PETER HUESSY

President

GeoStrategic Analysis

Potomac

Spinning at the Sierra Club

As a former president of the Shasta Group of the Sierra Club (1972-73) and as a Sierra Club member, I say the club needs new leadership (“Sierra Club fights takeover drive,” Culture, Thursday). As a civil and environmental engineer, I know, and so do most club members, that more people means more land and trees taken from nature, less habitat for wild animals, more cars on wider freeways, more damming of rivers for water, more sewage and more drilling for oil where life is fragile. But the establishment Sierra Club oppresses the majority of its members and, as if having made an omerta-like vow, refuses to discuss population growth’s pressure on America’s resources and wild animals. Why?

JAMES B. MCDONALD

Alexandria

As a former member of the National Population Committee of the Sierra Club, I take exception to an obviously orchestrated attempt by some to put a deceptive and sinister spin on the upcoming election.

In the 1980s, it was recognized within the Sierra Club that U.S. population growth is a problem for us and the world, especially considering our high resource consumption, disproportionate contribution to greenhouse-gas emissions and the futility of trying to protect our environment against ever-increasing human pressures. The club hierarchy, at that time, agreed with the concept of a reasonable U.S. policy that would move us toward population stabilization, not a position that was “anti-baby” or “anti-immigrant,” merely a recognition that the rest of the developed world had stopped growing, and we must too.

Then came leadership changes within the Sierra Club, apparently away from a science-based philosophy to some sort of come-one-come-all social philosophy. The club went so far as to place gag orders on chapter leaders, forbidding them to even discuss U.S. population, or most particularly, immigration — even though immigration fuels most of a growth rate catapulting us toward a possible 1 billion Americans by the end of this century, three times our current population.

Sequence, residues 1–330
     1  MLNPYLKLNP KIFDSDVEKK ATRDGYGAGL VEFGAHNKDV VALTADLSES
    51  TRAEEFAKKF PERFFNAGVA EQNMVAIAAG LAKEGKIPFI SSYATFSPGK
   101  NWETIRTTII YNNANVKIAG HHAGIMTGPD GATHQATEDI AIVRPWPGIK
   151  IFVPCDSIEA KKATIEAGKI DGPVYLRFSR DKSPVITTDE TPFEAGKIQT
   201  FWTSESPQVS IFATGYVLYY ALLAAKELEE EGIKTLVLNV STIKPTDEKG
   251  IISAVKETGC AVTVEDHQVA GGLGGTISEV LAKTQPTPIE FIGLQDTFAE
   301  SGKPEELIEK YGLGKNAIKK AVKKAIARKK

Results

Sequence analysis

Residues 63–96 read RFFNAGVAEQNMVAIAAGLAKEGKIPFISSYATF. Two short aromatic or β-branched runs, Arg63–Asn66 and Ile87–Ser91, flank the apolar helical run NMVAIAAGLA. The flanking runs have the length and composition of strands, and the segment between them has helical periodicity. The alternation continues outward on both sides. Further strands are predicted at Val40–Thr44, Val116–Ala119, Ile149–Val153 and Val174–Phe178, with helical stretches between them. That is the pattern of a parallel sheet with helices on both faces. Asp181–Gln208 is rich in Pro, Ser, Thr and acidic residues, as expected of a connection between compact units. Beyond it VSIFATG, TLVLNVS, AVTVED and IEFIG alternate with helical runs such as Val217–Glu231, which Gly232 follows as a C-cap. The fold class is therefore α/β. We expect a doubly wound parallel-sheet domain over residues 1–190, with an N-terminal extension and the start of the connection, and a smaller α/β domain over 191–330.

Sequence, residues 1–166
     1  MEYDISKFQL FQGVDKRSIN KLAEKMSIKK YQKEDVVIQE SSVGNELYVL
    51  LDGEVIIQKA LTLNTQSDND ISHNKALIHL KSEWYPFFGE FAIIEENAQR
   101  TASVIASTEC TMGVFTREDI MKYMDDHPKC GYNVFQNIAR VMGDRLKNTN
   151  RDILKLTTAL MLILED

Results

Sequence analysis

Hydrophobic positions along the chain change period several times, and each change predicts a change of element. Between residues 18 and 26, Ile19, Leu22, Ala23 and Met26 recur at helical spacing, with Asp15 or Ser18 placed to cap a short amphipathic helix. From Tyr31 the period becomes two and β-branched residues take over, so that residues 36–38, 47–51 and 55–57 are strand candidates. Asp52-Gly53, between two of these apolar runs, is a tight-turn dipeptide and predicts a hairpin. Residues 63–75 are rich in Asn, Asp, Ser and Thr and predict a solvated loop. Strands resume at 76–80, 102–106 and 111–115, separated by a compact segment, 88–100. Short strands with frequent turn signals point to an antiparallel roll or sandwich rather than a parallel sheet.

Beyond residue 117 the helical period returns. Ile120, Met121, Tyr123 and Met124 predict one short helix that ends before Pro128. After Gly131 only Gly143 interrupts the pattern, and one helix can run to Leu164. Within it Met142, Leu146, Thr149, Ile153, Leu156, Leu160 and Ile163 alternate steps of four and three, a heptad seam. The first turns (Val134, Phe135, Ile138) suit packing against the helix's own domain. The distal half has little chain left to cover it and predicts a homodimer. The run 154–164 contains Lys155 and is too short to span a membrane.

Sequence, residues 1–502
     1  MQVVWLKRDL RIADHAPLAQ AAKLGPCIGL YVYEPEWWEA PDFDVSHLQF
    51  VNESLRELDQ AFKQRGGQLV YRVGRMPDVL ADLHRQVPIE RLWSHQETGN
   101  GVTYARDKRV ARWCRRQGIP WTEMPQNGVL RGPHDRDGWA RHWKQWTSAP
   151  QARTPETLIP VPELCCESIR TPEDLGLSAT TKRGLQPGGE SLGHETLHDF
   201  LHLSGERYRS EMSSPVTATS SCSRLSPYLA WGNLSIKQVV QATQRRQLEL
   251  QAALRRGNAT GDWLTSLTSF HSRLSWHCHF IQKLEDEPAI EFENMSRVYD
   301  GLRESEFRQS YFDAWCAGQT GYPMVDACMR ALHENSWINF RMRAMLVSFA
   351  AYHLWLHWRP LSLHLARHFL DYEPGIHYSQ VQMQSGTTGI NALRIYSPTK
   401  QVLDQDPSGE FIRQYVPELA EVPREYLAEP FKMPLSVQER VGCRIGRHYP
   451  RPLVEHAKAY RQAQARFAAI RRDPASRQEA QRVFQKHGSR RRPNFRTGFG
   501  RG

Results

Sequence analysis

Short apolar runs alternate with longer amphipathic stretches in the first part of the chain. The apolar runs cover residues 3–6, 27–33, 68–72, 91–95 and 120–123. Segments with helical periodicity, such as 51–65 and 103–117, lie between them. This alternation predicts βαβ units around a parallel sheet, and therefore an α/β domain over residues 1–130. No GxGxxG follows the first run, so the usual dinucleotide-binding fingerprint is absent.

That is not “anti-immigrant,” as depicted by some, who seem unable to debate the issue on merit, so they fall back on the rather pathetic tactic of attempting to discredit those with whom they disagree.

KATHLEENE PARKER

Los Alamos, N.M.

Defining down heresy

I’m not a member of the Episcopal Church, but any Christian should be appalled at the quotes attributed to the Rt. Rev. Peter J. Lee, Episcopal bishop of Virginia, in Saturday’s Washington Times (“Heresy better idea than schism?” Page 1). Approvingly quoting a “Presbyterian scholar,” Bishop Lee told the diocesan council, “If you must make a choice between heresy and schism, always choose heresy … For as a heretic, you are only guilty of a wrong opinion,” but one who causes division within the church has “torn and divided the body of Christ. Choose heresy every time.”

I read those statements several times in disbelief that a senior member of even as liberal a denomination as the Episcopal Church could make such remarks. If a church that claims to be “the body of Christ” is willing to embrace or even tolerate heresy (religious belief contrary to established church doctrine) for the sake of keeping its denomination intact, for what does it stand? Where would the line be drawn? Anyone could interpret any portion of the Bible, including fundamental Christian doctrines such as the deity of Christ, the importance of the Resurrection, the virgin birth of Christ, and the essential nature of the blood and sacrifice of Christ for the remission of sin, in any way he or she chose. The church would stand for nothing — there would be no absolute truth.

To reduce “heresy” to the level of “a wrong opinion” to be tolerated so as to avoid schisms in the church is abominable. The Apostle Peter devoted an entire chapter (2 Peter 2) to the judgment awaiting “false teachers” who “privily shall bring in damnable heresies.” To hear a bishop say, “Choose heresy every time,” is almost incredible. That statement alone should cause the true followers of Christ in the Episcopal Church to abandon their attempts to “work within the system” and run, not walk, to another church that holds the immutable Word of God in higher esteem.

RICHARD WILLIAMS

Woodbridge

LOAD COMMENTS ()

 

Click to Read More

Click to Hide